Teuvo Teravainen

‘Canes surge into summer with confidence after playoff run

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RALEIGH, N.C. (AP) — The Carolina Hurricanes enter the offseason confident of one thing: They shouldn’t have to wait another decade to return to the playoffs.

They hope their nucleus will make postseason appearances an every-year thing.

The Hurricanes made their first playoff berth since 2009 last much longer than most expected, advancing to the Eastern Conference final before they were swept by the Boston Bruins.

After getting a taste of postseason hockey, this largely young team wants to do it again.

”I think we all know now what it takes first of all to get to the playoffs, and to go through those tough series,” forward Sebastian Aho said Monday. ”Now we’re even more hungry.”

There’s reason to believe this group has staying power.

The entire defensive corps – including young stars Jaccob Slavin and Brett Pesce – is under team control for next season, with six of them signed and Haydn Fleury a pending restricted free agent.

Key winger Teuvo Teravainen is locked up through 2023-24. Promising forward Andrei Svechnikov oozed with promise during his rookie season. Aho, who also will be a restricted free agent, looks to be a candidate to receive a long-term deal. He declined to discuss his contract status.

This core was responsible for turning the franchise around and bringing entertainment – both during and after games – to the rink.

They brought back those beloved Hartford Whalers uniforms for a couple of games. They broke out the ”Storm Surge” celebrations, those choreographed on-ice parties after regular-season victories at home. They wore the jabs from curmudgeonly commentator Don Cherry as badges of honor – plastering his ”Bunch of Jerks” insult onto T-shirts that sold for $32 at the team shop. They welcomed a live pig named Hamilton into the building for home playoff games.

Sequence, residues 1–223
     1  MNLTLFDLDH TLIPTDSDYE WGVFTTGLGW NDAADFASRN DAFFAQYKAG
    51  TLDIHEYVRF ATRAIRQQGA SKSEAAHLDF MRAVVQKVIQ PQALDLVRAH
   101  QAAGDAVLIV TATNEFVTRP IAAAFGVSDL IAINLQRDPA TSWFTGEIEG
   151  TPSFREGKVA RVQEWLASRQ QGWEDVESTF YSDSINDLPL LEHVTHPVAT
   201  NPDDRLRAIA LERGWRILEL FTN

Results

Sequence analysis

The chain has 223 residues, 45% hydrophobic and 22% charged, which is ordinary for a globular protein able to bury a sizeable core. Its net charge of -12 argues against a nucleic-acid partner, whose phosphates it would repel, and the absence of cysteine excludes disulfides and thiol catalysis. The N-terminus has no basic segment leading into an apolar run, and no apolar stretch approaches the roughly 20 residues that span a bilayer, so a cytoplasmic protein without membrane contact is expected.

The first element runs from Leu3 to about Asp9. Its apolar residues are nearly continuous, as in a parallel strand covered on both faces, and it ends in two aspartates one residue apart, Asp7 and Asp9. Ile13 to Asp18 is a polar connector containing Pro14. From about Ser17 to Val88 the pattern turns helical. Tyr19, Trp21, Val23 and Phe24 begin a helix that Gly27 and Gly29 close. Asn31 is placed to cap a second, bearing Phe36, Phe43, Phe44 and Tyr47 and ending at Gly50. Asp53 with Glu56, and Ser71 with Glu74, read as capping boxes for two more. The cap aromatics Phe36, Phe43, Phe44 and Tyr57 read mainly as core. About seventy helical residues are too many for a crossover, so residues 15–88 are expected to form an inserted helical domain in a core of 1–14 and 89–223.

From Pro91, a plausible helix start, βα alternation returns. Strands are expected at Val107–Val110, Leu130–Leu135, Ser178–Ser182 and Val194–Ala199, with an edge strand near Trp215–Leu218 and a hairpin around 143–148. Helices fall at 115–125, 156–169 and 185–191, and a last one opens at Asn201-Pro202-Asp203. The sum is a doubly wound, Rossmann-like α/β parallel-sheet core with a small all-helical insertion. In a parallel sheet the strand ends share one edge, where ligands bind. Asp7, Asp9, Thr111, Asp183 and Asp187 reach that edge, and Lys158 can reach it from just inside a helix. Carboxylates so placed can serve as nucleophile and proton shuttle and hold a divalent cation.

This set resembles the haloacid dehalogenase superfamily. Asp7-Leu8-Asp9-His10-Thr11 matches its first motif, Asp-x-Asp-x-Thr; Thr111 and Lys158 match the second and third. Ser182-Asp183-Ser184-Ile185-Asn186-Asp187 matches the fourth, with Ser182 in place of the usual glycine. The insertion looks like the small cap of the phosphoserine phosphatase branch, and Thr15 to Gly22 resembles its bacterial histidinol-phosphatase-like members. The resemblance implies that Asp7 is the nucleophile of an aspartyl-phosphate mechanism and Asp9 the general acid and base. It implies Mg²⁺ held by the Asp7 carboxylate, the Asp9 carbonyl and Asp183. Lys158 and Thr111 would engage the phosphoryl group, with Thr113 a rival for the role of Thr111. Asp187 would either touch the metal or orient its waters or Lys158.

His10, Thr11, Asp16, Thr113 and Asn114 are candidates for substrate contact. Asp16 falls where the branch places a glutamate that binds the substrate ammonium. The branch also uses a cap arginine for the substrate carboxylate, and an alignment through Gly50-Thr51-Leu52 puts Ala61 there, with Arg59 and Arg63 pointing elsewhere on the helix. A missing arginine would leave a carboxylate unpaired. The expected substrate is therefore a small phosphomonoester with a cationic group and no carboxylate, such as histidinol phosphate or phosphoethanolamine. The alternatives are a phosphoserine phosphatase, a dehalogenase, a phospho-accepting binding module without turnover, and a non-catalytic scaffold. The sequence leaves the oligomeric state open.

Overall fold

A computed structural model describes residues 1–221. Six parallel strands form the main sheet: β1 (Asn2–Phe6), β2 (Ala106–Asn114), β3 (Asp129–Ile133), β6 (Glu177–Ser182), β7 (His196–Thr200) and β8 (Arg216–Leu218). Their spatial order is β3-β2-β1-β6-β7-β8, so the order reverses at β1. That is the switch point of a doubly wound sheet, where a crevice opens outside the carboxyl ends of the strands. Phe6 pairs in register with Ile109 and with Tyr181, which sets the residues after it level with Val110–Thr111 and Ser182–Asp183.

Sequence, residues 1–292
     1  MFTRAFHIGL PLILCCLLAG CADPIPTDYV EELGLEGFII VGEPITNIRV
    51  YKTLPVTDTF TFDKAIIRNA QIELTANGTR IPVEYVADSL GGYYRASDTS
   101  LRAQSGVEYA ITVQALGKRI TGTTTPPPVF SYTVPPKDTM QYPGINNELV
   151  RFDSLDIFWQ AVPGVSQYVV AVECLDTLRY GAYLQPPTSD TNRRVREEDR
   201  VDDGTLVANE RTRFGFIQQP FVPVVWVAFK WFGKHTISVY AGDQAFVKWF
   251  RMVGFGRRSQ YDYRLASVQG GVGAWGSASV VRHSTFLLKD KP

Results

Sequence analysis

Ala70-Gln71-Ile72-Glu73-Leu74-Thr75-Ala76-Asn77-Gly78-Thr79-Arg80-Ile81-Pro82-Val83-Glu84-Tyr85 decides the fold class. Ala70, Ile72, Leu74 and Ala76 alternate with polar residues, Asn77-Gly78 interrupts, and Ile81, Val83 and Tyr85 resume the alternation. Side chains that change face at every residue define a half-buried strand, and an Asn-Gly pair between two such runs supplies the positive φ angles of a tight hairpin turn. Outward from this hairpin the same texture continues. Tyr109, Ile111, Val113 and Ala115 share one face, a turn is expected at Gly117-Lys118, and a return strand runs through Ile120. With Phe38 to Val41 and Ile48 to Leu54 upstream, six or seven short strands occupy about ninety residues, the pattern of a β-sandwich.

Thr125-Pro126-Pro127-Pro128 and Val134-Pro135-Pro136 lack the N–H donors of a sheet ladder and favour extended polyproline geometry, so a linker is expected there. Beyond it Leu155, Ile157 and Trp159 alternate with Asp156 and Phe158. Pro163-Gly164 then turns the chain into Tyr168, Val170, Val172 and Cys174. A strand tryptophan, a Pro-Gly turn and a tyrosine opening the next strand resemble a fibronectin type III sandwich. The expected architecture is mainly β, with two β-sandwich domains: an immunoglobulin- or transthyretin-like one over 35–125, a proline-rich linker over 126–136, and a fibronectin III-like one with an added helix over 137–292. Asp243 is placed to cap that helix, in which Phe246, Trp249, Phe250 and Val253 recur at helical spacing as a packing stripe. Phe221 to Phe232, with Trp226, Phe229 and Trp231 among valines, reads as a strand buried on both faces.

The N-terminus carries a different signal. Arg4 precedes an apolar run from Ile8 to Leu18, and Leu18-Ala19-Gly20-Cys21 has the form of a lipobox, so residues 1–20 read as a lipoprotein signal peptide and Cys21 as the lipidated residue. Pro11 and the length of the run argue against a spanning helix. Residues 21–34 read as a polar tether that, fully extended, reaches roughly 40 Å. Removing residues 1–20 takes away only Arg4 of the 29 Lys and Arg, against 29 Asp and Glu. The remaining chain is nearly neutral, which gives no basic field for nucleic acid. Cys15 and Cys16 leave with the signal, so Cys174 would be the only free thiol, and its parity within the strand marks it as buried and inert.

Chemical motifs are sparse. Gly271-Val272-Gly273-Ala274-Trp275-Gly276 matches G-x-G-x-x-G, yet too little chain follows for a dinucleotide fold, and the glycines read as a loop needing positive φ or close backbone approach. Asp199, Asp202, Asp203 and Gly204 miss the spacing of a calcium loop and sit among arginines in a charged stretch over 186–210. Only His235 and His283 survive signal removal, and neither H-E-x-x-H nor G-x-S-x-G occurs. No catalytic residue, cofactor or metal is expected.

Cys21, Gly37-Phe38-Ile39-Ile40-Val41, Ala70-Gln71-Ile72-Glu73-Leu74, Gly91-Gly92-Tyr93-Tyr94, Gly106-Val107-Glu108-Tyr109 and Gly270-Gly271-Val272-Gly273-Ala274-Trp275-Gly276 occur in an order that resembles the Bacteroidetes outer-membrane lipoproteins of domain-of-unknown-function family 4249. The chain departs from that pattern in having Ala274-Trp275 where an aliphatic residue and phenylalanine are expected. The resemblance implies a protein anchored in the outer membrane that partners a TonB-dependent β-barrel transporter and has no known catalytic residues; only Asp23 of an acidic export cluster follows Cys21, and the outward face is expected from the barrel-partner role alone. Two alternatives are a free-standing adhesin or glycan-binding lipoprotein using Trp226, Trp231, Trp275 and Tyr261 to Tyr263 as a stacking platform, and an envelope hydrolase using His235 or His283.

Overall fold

And, of course, they played winning hockey – especially after the calendar flipped to January. Their record of 31-12-2 was third-best in the league and propelled them from last place in the division to the top wild-card berth.

”As the year went on, as the record shows, it was a lot of good results, and coming to the rink was a lot of fun,” defenseman Trevor van Riemsdyk said.

A few things to watch entering the offseason:

THE CAPTAIN’S FUTURE

The big question is whether 37-year-old Justin Williams will return for a second season as team captain with his two-year contract expiring this offseason. The three-time Stanley Cup winner known around the league as ”Mr. Game 7” for his exploits in those final games brought credibility and leadership to the dressing room and helped steer the young team’s midseason turnaround. ”I put everything I had into it this year, and if I have everything again, then I’ll be here,” Williams said. ”I haven’t gotten that far yet.”